Caribbean Legion, a term applied to a conglomerate of exile groups that actively opposed the dictatorial regimes in the Caribbean during the period 1946 to 1950. Though the legion never existed as a specific military unit, certain personalities and matériel were common elements in a series of filibustering expeditions. Among the most prominent of these were Cayo Confites (1947), an ill-fated attempt to invade the Dominican Republic from Cuba; Costa Rica (1948), where Cayo Confites remnants based in Guatemala and augmented by Nicaraguan exiles aided José Figueres Ferrer (1906–1990) in his War of National Liberation; and Luperón (1949), wherein Dominican exiles, primarily using Guatemala as a base, carried out an unsuccessful raid on their homeland. Although each of these events was under distinct leadership and sponsorship, none boasted a coherent military force, such as the term "Caribbean Legion" would imply. Supported by the presidents of Cuba (Ramón Grau San Martín and Carlos Prío Socarrás, successively) and Guatemala (Juan José Arévalo Bermejo), these armed bands were comprised principally of Cubans and by Dominican, Honduran, Nicaraguan, and Salvadoran exiles at one time or another.
The core unit of these expeditions was the Liberation Army of America, founded in 1946 by General Juan Rodríguez García, as the military arm of a coalition of Dominican exiles opposing the dictator Rafael Trujillo Molina. The first use of the term "Caribbean Legion," however, occurred during the Costa Rican civil war, when it was used to designate a small force of exiles airlifted from Guatemala to seize Puerto Limón. The name caught on. Even Trujillo and Anastasio Somoza Debayle utilized it in the hope of depicting their adversaries as adventurers and mercenaries.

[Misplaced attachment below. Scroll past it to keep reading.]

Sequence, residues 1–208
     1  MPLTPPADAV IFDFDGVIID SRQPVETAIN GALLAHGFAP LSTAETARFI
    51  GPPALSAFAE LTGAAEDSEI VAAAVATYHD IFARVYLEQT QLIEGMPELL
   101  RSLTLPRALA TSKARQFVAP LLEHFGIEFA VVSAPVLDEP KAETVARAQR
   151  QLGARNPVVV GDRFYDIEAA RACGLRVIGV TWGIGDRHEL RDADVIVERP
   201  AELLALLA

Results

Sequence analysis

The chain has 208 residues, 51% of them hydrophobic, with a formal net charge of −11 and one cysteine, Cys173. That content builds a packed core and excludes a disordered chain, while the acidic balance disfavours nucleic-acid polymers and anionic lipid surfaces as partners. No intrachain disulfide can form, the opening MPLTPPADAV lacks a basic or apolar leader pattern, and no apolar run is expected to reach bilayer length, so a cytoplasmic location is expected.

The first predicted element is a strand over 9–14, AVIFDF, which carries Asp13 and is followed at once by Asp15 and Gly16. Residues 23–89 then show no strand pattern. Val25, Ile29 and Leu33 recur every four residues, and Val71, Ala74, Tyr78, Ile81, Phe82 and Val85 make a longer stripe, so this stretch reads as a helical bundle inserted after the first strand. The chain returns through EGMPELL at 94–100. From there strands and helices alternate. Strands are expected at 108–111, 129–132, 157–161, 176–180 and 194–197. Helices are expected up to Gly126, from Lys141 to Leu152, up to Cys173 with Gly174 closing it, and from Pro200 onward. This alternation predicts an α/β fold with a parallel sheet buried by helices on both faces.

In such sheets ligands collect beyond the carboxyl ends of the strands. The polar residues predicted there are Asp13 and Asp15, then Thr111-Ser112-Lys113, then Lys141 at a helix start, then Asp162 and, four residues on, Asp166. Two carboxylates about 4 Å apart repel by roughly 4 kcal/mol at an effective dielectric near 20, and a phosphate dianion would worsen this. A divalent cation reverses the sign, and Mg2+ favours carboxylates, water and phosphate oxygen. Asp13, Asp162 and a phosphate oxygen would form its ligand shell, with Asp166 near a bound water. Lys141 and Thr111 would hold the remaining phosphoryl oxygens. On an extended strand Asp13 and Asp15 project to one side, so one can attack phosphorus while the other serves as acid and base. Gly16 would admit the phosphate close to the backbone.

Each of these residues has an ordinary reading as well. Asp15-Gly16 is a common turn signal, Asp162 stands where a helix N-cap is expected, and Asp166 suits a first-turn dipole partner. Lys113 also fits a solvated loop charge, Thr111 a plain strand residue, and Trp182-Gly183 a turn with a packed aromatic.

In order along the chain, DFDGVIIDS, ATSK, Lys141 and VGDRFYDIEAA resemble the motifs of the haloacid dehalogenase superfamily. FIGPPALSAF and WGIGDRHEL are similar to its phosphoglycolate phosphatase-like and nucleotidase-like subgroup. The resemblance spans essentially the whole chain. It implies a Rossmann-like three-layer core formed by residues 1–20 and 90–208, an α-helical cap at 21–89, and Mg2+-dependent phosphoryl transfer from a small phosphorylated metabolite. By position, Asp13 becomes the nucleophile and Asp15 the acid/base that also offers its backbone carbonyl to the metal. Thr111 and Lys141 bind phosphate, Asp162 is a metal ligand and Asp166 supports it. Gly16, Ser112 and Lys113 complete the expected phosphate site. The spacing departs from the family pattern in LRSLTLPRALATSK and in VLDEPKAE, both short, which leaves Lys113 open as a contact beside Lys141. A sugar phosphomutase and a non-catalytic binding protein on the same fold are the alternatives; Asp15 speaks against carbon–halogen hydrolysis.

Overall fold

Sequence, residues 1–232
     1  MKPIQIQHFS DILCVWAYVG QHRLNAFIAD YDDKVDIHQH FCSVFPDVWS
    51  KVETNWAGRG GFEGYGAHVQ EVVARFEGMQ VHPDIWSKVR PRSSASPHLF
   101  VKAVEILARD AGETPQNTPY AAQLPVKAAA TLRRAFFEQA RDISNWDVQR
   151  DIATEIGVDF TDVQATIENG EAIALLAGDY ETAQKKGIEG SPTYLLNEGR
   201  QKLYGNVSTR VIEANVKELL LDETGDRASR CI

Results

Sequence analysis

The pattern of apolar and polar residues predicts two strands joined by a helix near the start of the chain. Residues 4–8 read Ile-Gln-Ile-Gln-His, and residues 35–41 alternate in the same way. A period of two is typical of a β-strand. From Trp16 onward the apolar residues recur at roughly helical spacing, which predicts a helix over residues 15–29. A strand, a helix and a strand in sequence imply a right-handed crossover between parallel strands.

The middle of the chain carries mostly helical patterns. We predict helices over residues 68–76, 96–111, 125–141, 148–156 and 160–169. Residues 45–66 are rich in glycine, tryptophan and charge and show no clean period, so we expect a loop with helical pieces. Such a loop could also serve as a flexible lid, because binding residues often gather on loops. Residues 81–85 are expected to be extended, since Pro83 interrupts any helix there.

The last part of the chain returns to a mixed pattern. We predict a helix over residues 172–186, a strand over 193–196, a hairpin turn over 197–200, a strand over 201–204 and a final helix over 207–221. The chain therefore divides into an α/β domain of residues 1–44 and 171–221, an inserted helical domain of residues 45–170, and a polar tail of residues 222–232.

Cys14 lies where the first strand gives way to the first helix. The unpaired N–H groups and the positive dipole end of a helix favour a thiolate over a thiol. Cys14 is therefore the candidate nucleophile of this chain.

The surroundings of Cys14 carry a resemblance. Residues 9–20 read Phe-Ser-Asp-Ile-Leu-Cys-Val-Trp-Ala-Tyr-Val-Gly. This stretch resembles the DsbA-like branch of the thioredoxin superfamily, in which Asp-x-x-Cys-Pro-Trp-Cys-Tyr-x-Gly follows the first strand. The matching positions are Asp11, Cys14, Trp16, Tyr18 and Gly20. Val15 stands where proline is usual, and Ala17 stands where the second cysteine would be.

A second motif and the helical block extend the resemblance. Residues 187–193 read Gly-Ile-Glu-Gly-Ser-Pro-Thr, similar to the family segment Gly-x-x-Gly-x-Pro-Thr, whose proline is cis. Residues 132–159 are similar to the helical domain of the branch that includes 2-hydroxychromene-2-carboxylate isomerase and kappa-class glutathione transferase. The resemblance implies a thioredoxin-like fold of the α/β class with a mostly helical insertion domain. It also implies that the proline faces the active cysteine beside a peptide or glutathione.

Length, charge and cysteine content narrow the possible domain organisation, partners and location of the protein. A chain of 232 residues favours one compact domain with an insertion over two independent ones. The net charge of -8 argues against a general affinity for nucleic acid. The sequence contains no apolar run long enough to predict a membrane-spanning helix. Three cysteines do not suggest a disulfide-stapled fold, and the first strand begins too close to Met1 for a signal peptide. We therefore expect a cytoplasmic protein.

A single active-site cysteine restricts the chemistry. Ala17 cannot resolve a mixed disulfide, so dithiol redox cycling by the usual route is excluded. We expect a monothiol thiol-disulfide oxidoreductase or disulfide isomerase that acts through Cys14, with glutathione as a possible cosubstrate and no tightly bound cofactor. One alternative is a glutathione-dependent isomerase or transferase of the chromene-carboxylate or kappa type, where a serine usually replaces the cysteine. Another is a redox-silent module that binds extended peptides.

The phantom army ceased to exist altogether in 1950, after the Organization of American States imposed on Caribbean governments a series of "principles and standards" that severely restricted the activities of political exiles. The involvement of certain Central American exiles in Guatemalan affairs, particularly the implication of the Honduran Miguel Francisco Morazán in the 1949 assassination of Francisco Javier Arana, chief of the Guatemalan armed forces, also accounted for the eventual disappearance of the so-called Caribbean Legion.
See alsoFilibusteringxml .
Alberto Bayo, Tempestad en el Caribe (1950).
Enrique V. Corominas, In the Caribbean Political Areas, translated by L. Charles Foresti (1954).
Rosendo Argüello, Jr., By Whom We Were Betrayed … And How (1955).
Horacio Ornes, Desembarco en Luperón (1956).
John Patrick Bell, Crisis in Costa Rica: The 1948 Revolution (1971).
Charles D. Ameringer, The Democratic Left in Exile: The Antidictatorial Struggle in the Caribbean, 1945–1959 (1974) and Don Pepe: A Political Biography of José Figueres of Costa Rica (1978).
Ameringer, Charles D. The Caribbean Legion: Patriots, Politicians, Soldiers of Fortune, 1946–1950. University Park: Pennsylvania State University Press, 1996.
Charles D. Ameringer